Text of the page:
Failing the Market-Power Test:
How FERC's ruling could affect wholesale power markets.
American Electric Power
Peabody Energy named Charles "Chuck" Burggraf group executive of Colorado operations, responsible for Twentymile Coal Co.'s Twentymile Mine near Oak Creek and development of additional coal reserves in Colorado. Burggraf most recently served as operations manager of the Twentymile Mine.
Wisconsin Public Service promoted Charlie Schrock and Larry Borgard. Schrock is now president and COO of operations; Borgard becomes president and COO of energy delivery.
Business & Money
After FERC's Market Power Ruling:
Will financiers dominate the market?
The recent approval by the Federal Energy Regulatory Commission (FERC) of its "interim" market power screen and policies on investor-owned utilities (IOU) affiliate transactions is changing the market dynamics for buying and selling generation assets. Yet, while the market test has drawn plenty of comments and complaints, the long-term effects are still uncertain.
The conclusions made by the NPC gas study raise more questions than they answer.
In late September of 2003, the National Petroleum Council (NPC) issued a comprehensive study on the future of the U.S. natural gas industry.1
The Federal Energy Regulatory Commission appointed Joseph H. McClelland director of its Division of Reliability in the Office of Markets, Tariffs, and Rates. McClelland is general manager of the Custer Public Power District in Nebraska.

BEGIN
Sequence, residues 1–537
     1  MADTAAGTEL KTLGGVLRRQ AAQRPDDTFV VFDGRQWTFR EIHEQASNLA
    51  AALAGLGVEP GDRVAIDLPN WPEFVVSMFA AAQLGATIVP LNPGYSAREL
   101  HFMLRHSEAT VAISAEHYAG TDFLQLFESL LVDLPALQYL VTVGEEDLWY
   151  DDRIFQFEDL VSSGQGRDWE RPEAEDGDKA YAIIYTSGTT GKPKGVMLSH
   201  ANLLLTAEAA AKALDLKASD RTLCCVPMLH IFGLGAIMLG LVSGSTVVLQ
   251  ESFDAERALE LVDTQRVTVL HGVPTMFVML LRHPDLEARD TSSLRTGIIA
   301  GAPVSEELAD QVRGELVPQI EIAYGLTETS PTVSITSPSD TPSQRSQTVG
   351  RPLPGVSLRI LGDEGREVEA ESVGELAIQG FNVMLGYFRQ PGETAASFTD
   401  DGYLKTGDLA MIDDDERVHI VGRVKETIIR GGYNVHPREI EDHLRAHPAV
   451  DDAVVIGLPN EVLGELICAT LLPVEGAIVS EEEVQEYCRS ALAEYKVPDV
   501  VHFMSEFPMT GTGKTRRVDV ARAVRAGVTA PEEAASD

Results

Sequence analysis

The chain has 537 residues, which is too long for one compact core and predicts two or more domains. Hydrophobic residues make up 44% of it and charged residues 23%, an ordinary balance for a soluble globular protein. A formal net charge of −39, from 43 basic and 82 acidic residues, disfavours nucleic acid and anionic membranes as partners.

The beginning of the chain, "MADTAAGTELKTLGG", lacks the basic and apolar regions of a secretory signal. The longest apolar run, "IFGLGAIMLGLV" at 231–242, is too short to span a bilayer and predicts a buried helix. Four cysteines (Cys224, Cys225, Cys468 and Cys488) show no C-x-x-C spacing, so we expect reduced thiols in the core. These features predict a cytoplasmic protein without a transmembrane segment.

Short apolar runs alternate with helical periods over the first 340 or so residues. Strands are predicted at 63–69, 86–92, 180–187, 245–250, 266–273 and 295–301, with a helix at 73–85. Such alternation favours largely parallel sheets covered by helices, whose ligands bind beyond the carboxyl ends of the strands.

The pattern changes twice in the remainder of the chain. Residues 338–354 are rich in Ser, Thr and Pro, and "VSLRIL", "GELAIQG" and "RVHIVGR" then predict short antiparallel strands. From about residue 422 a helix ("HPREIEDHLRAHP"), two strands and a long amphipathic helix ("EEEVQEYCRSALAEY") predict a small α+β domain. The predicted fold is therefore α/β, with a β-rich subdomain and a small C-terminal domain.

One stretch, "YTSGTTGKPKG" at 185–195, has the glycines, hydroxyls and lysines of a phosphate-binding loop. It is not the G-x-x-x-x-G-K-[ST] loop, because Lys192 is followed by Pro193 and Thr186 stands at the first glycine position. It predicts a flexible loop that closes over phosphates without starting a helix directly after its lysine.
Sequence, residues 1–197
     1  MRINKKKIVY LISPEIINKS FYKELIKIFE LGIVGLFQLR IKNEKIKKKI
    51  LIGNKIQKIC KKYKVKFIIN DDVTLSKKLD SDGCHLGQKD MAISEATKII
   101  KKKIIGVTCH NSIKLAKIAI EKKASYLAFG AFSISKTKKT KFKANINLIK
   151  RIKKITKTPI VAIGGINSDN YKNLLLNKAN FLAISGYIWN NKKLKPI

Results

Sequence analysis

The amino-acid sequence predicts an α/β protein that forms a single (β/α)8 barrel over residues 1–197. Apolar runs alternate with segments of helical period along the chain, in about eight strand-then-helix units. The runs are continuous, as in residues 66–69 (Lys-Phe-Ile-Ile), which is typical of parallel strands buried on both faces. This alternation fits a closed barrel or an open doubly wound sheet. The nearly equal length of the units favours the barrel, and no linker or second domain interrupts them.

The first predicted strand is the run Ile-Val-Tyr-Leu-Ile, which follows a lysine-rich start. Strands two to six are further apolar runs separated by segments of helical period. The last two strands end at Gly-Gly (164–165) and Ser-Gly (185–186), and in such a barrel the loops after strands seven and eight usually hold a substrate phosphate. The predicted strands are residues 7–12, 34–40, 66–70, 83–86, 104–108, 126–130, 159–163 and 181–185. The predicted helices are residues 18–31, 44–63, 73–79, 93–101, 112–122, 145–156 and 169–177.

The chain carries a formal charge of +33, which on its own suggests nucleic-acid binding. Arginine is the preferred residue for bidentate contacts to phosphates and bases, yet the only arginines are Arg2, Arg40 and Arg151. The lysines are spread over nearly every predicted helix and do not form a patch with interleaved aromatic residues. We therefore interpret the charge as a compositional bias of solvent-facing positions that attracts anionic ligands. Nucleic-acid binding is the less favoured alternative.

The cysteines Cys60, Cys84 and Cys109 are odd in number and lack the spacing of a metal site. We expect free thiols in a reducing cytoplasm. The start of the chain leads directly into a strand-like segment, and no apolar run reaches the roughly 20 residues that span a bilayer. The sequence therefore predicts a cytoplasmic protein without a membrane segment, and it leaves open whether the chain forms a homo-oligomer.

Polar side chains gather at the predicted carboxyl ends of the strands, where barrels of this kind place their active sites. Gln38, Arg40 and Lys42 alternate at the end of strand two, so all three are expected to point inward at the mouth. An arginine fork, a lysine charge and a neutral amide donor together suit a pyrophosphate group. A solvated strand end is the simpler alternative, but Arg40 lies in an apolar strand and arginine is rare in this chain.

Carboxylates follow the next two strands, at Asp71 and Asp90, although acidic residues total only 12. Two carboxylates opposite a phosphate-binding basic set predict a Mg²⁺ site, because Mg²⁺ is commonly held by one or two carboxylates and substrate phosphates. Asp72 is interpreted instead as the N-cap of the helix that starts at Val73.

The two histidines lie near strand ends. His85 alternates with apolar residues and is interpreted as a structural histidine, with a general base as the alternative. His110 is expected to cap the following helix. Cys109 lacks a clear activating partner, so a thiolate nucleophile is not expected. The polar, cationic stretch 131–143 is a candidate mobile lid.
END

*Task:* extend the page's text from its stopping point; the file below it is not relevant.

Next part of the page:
Colorado Gov. Bill Owens appointed Carl Miller, a state representative, to the Colorado Public Utilities Commission (PUC). The reports that Miller cannot seek re-election because of term limits.
Did FERC's market power ruling go too far?
Will utility executives and proponents of electric competition mark July 8, 2004, as a dark day? That was the day the Federal Energy Regulatory Commission (FERC) said it would make no changes to the extremely contentious "interim" screen-the one it adopted back in April to measure market power in electric generation.
Seams, holes, and historic precedent challenge the Midwest ISO's evolution.
In a single sentence, Bill Smith of the Organization of MISO States (OMS) summarizes prevailing concerns about the new-and-improved Midwest ISO: "When it starts, it has to work."
Stephan T. Haynes, who has been American Electric Power's vice president of risk oversight since January 2002, was named vice president of corporate finance for the company.
Kay G. Priestly was named Entergy Corp.'s vice president of financial issues management. Priestly earlier was managing partner at Arthur Andersen.
Grid reliability is one giant step in mainstreaming the technology.
Wind power is coming of age in the United States. During the past five years, installations have grown by an average 28 percent yearly. Gleaming, high-tech wind turbines now are interconnected to the bulk power grid in some 30 states.
For Public Utilities Fortnightly's 75th Anniversary CEO issue, the magazine looked to the horizon and asked these new captains about the planned course for their companies, and for an entire industry.